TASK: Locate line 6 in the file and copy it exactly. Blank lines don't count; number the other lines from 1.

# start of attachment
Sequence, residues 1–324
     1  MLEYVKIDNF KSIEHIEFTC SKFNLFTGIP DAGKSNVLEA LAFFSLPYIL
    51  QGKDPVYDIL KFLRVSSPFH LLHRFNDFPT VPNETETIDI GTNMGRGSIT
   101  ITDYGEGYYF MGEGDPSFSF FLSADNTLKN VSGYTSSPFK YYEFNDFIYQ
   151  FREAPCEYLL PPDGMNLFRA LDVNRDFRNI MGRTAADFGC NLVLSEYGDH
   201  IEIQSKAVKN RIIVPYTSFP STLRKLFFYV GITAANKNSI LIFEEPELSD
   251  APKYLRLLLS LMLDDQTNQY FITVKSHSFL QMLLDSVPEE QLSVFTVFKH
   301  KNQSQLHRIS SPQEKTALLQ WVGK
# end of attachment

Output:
   201  IEIQSKAVKN RIIVPYTSFP STLRKLFFYV GITAANKNSI LIFEEPELSD